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Why Did I Suddenly Develop Eczema This Year?

Why Did I Suddenly Develop Eczema This Year?

Anyone who’s spent four seasons in Utah knows our winter air is unforgiving. Specialists see a spike in dry skin visits every winter. But have you ever wondered why your skin can react differently one year to the next? Last year, it was just dry knuckles and chapped lips, but this year you’re dealing with an irritated rash. How come? Makinzee Kemp, Dermatology PA-C, has answers about why you may have developed eczema for the first time this year.

I’ve never had eczema; why this year?

“A lot of people ask me this question,” says Makinzee Kemp. “It’s very possible to go ten or even thirty years without eczema, then break out with a rash one day.” Makinzee says that many factors can contribute to eczema beyond just dry, cold air.

Applying lotion on hands with infection

“One possibility is that you came into contact with something extra irritating. You may have developed an allergy to the laundry soap you’re using, for example. That, on top of the winter dryness, could cause a lot of irritation.” She adds that people with eczema often have a family history of allergies.

Here are some examples of irritants you may have encountered:

  • The chemicals in a new soap or bath bomb (or even a soap you’ve used before),
  • The dyes or fragrances in your laundry detergent, lotion, or perfume,
  • The nickel in a necklace, bracelet, or another piece of jewelry,
  • Particles in the air such as pollen

Lifestyle factors may have also helped the rash develop. Taking very hot baths or showers tends to dry skin out. If you exfoliate or shave over sensitive skin, this can cause irritation. Finally, scratching your dry skin is a big reason why eczema spreads.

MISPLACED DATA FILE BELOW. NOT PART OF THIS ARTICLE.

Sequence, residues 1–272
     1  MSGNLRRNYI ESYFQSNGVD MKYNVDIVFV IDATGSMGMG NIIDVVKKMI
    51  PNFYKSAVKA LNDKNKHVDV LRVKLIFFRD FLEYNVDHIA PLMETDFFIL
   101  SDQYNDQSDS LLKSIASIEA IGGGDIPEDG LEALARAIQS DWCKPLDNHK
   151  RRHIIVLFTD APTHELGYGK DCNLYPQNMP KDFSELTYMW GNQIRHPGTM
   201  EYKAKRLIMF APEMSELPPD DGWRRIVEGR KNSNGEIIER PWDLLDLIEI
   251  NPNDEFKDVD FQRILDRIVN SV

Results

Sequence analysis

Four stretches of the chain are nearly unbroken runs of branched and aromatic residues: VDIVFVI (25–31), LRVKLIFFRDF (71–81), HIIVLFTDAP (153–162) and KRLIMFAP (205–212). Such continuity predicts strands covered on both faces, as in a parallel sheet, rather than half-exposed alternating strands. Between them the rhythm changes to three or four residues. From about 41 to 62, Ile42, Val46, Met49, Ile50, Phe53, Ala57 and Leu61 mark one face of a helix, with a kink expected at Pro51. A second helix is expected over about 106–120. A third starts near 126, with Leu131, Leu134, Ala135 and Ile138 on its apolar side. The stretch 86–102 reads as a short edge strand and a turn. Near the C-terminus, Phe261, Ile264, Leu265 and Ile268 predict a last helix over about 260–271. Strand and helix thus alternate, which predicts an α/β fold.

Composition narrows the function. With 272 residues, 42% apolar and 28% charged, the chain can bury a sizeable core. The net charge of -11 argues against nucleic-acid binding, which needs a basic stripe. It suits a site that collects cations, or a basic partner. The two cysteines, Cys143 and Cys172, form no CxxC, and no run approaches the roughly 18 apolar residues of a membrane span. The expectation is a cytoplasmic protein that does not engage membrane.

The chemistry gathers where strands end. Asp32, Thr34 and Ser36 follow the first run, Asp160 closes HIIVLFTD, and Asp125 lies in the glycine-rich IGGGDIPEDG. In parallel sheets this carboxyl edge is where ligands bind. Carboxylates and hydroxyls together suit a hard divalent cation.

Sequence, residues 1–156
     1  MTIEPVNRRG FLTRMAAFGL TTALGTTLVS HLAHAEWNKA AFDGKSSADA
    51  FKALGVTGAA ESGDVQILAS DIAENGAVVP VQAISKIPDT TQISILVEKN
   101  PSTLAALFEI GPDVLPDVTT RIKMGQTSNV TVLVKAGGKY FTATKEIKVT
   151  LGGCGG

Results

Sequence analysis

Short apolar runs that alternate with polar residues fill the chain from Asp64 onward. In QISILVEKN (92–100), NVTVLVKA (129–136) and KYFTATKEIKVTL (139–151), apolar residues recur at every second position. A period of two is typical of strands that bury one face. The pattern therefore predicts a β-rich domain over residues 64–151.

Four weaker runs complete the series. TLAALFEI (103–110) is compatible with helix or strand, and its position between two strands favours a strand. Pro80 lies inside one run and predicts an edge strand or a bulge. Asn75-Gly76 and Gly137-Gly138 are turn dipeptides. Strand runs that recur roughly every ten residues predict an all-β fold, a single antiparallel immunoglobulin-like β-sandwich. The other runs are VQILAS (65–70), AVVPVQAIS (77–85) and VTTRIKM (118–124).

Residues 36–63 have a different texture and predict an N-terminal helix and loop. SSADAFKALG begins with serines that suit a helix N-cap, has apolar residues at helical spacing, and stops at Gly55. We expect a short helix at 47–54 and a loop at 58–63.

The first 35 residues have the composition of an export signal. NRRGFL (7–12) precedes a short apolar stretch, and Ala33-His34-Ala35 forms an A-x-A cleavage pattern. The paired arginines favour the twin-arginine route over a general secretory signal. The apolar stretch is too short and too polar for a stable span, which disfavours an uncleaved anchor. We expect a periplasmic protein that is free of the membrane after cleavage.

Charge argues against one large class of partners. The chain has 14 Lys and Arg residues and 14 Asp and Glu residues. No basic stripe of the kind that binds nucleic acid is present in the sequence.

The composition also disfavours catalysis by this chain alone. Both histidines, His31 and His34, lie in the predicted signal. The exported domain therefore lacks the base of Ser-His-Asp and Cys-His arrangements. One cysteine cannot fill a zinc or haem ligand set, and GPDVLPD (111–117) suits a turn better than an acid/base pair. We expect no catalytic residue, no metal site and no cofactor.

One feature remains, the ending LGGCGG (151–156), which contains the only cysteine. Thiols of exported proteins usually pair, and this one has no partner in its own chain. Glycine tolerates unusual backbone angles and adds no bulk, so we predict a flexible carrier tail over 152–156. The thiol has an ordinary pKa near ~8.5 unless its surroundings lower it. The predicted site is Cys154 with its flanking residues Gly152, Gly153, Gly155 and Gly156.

How do I know it’s eczema? When should I seek help?

Eczema affects between 10-20% of children and up to 3% of adults. Symptoms include dry, red, irritated and itchy skin. “Eczema can also become infected which creates other problems,” says Makinzee, “You can start to see small, fluid-filled bumps that ooze or very red patches that bleed.”

Makinzee’s best advice for dry skin is to be proactive about it. “I don’t think anyone should wait until their rash becomes painful or infected. There are conservative treatment methods that can prevent the spread of eczema early-on, such as steroid-based creams.” Make an appointment with your primary care provider or contact Ogden Clinic Dermatology if you think you may have eczema or if your skin cracks, bleeds, or itches.

How can I take care of my skin in the winter?

In our dry climate, staying moisturized is a must. Makinzee says that winter skin needs a little more TLC than a daily lotion. “I tell patients to look for thick creams that hold their shape. If you pump it on your skin and it seeps through, it may be too light for the winter.” Some of Makinzee’s favorite daily moisturizers are Cetaphil and CeraVe because they don’t contain fragrances or dyes. For very chapped spots like elbows and knuckles, Makinzee says you can go straight for the Vaseline or Aquaphor. “Petroleum jellies are really great barriers for rough spots.”

man with dried lips

Some other measures you can take are getting a humidifier for your bedroom (or even your office), using a water softener in the winter, and ensuring that your cleansers and moisturizers are gentle (without added dyes or fragrances).


Makinzee Kemp, PA-C practices at Ogden Clinic Mountain View in Pleasant View. To schedule a visit, please call 801-475-3600 or book an appointment online.